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California State University, Dominguez Hills
University of Wisconsin, Parkside
Created: January 12, 2006
Latest Update: January 12, 2006
CASAZINE 3: CALL FOR PAPERS
What makes together? notes on the life of political collectivities CASAZine #3: Borders, Markets, Movements
"Through the work of listening to others, of hearing the force of their pain and the energy of their anger, of learning to be surprised by all that one feels oneself to be against; through all of this, a ‘we’ is formed and an attachment is made." -Sarah Ahmed
The focus of this issue emerges from the 2005 Cultural Analysis Summer Academy (CASA) international meeting in Amsterdam organized around the themes of “Borders, Markets and Movements”. CASA addressed a variety of topics from immigration policy to working conditions to the democratization of education. What united this wide range of interests was a commitment to raising questions of social responsibility, along with a desire for collective analyses and collective solutions for confronting and countering oppressions.
From this shared commitment, CASA 2005 became a space for telling stories of our political successes and failures in organizing, of our hopes and yearnings for a more just world, as well as of our daily negotiations with both privilege and marginalization in the places where we work and live. The conversations, narratives and anecdotes exchanged at CASA reflect broader issues that people working toward social justice consider in everyday life.
Call for Papers
Editors of what makes together?, the 3rd issue of CASAZine, invite proposals that investigate the commitments, relationships and attachments involved in working collectively. We seek experiential writing that critically reflects upon issues of the political, ethical and emotional labour involved in imagining, enacting and sustaining political collectivities that work toward the creation of social justice.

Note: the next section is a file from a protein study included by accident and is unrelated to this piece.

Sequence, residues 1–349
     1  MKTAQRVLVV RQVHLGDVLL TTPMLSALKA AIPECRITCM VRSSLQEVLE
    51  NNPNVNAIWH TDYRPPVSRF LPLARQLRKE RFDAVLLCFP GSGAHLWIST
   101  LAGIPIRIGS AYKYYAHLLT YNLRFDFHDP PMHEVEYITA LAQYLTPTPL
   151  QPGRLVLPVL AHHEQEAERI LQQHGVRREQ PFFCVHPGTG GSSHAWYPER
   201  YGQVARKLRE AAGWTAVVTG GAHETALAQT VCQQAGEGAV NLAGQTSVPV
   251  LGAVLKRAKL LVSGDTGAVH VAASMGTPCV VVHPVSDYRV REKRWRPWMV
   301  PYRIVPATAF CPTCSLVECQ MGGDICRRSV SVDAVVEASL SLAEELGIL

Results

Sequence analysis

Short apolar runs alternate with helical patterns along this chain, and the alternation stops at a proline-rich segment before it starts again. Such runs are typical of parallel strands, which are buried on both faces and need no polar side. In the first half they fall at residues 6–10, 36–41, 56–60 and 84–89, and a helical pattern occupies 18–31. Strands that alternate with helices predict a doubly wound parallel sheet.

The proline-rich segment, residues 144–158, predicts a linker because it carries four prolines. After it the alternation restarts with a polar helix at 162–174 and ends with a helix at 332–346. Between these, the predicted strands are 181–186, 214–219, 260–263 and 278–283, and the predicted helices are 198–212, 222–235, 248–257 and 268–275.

Whether engaged in solidarity projects seeking justice for refugees, localized struggles for worker’s rights or international movement building around democratized education, all of this political organizing demands constant and critical reflection regarding the processes of working collectively to enact social change.
Focused on what we can gather from listening to each other, we envision this collection as an “ethics of tactics” rather than a guidebook or instruction manual. Instead of telling each other what to do, we see this ethics of tactics as an opening to what each other has to tell, and as a proper listening that can create the force and formation of a ‘we’. Toward this aim, we seek writing that interrogates and expands upon questions such as:
- How does the collective emerge?
- What are the dangers of romanticizing the ‘birth of the collective’?
- What is it that holds people together in a collective?
- How do we think of our commitments and attachments to a collective?
- How do our political investments shape our participation in collective resistance?
- How is our investment in the collective different from our commitments and attachments to our cause?
- How can we better address and incorporate the failures of our organizing?
- How do we assess conflict and communication failure?
- How does critique function in the collective?
- How do we create spaces for the cross-pollination of knowledges and tactics?
- What kinds of responsibilities do we ‘voluntarily’ take on and what kinds of stresses can and does this produce?
- What kinds of conditions can and do we endure for the sustained existence of the collective?
- How do obligations form and arise?
- How do the bureaucratic structures we critique in other social institutions creep into our own organizing?
- What happens when a collective member inserts something ‘new’?
- What is the importance of spontaneity in collective organizing?
- What kinds of new languages can and do creative tactics and strategies generate in collectivities?
- What is the role of pleasure and desire in collective politics?
- What can we learn from the energy and occurrences that escape the plans of our actions?
- How do we generate collective resistance that is both hard and joyful?
- What does it mean to leave a collective?
Submissions should be between 500-3,000 words. We are open to various writing styles and encourage creativity and experimental forms.
Send email queries and submissions (as Word documents) to email@example.com
Deadline: Feb 15th, 2006
CASA offers a platform for people to discuss and combine efforts and information working towards social transformation. For more information on CASA 2005 Borders, Markets, Movements and to find out about the summer meeting CASA 2006: Constructing Social Change go to http://www.casa.manifestor.org/.